"So far, everything we have found out here has been urban legend as far as the witch and the guy who murdered his family," said Gierke. "That being said, there is a lot of paranormal activity out here and we have no idea why."
"Every time I come out here I pick up on different spirits," added Ryan. "There have been nights I didn't want to be out here because I know we're being watched."
The investigation began around 8:30 p.m. It was pitch black along the trail beyond the gate. Moonlight died at the top of the trees, making the pathway pitch black.
Flashlights were required.
As the group began walking past the gate, their footsteps were the only things disrupting the deafening silence.
"The deeper we go in, I get an icky feeling," said Ryan.
It didn't take long before Ryan saw something out of the ordinary.
"I keep seeing something stepping out of the woods up here," Ryan said as she pointed down the path. "There's two shadow people standing in the middle of the path facing us."
The group continued to walk deeper into the woods.
"I just saw a flash of light up there on the left side of the trail," Gierke said.
In the paranormal community, little flashes of light are called orbs, which are considered to be energy patterns of ghosts or entities.
After walking for close to three-quarters of a mile, the group stopped and Gierke turned his flashlight upwards and began illuminating a huge tree that was close to the trail.
"This is what's been passed down in urban legend as the 'hanging tree,'" described Gierke. "Legend has it that this big limb that used to come all the way over the trail was the spot where the gentleman who killed his family hung himself from.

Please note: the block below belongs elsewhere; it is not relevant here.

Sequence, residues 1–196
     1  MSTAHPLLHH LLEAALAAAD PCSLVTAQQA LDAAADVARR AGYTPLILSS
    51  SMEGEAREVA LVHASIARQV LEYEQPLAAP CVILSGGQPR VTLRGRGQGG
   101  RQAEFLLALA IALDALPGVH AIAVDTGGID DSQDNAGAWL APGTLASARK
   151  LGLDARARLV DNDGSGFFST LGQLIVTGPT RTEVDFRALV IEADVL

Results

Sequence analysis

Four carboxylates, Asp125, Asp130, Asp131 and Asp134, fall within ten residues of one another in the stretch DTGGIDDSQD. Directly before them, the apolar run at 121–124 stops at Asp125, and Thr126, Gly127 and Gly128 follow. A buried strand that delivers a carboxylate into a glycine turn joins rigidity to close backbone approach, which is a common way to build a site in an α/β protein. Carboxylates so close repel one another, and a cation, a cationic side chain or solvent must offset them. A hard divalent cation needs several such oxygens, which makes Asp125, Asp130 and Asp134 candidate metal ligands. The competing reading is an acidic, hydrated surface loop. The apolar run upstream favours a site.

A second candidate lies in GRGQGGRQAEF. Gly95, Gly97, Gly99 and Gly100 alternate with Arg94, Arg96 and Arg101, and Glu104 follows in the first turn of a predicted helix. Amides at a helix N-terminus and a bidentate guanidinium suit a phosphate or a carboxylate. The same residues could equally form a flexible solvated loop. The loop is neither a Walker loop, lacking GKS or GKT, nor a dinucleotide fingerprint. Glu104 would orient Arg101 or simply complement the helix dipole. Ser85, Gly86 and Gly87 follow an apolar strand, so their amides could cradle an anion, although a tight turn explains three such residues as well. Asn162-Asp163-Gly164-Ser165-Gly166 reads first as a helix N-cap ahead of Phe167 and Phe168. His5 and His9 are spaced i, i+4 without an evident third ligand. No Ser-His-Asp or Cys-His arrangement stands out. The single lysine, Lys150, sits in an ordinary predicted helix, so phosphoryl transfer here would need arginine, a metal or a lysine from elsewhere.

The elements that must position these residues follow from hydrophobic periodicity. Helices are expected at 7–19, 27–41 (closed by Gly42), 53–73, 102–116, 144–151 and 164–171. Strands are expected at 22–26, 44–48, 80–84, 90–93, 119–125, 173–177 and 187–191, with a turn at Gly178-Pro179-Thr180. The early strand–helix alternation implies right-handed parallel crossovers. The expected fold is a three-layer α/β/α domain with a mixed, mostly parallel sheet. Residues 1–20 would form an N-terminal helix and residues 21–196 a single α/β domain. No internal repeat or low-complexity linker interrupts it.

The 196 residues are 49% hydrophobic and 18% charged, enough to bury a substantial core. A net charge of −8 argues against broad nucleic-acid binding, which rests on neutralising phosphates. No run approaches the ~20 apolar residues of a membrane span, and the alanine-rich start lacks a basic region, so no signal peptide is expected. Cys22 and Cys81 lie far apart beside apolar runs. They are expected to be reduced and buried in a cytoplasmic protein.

"We'd always take pictures of this tree and absolutely none of the pictures would turn out. About six or seven years ago, this big limb finally succumbed and broke off the tree. Every time we have been back here since, we've taken pictures of that tree and they have turned out."
The group stood by the tree for a while and began talking about some other connections to Seven Gables Road, including its real-life link to a pair of high-profile child murders in the area.
"In 1970, Laurie Murninghan's body was found out here," said Carpenter. "She was 16 years old and the daughter of Lansing's mayor at the time.
"Her killer still remains at-large today."
Thirty five years later, the body of 7-year-old Ricky Holland, a resident of Dansville, was also discovered in the State Game Area near Seven Gables Road.
"[Ricky's] adoptive parents had murdered him and coincidentally dumped his body in almost the exact location where Laurie Murninghan had been found," added Carpenter.
The group then began walking back toward the gate. Cat Ryan stopped a few times and took some pictures on her phone. Once everybody had returned past the gate, Ryan looked at the images and noticed some anomalies.
"I caught some orbs on camera," said Ryan. "These little flashes of light appeared and suddenly they were gone.
"It was a very active night out here, for sure."
So, is the century-old tale of Seven Gables Road all urban legend or is it real?
"I have done extensive research and scoured through records and archives and have not found anything to prove anything of that nature happened out here," said Carpenter. "But I think it's a little much to just try to discount."
There is one certainty. Everybody's got a story about Seven Gables Road if they've been there, especially if they decided to test fate beyond the gate.
"This road is absolutely haunted," added Greenshields. "Absolutely!"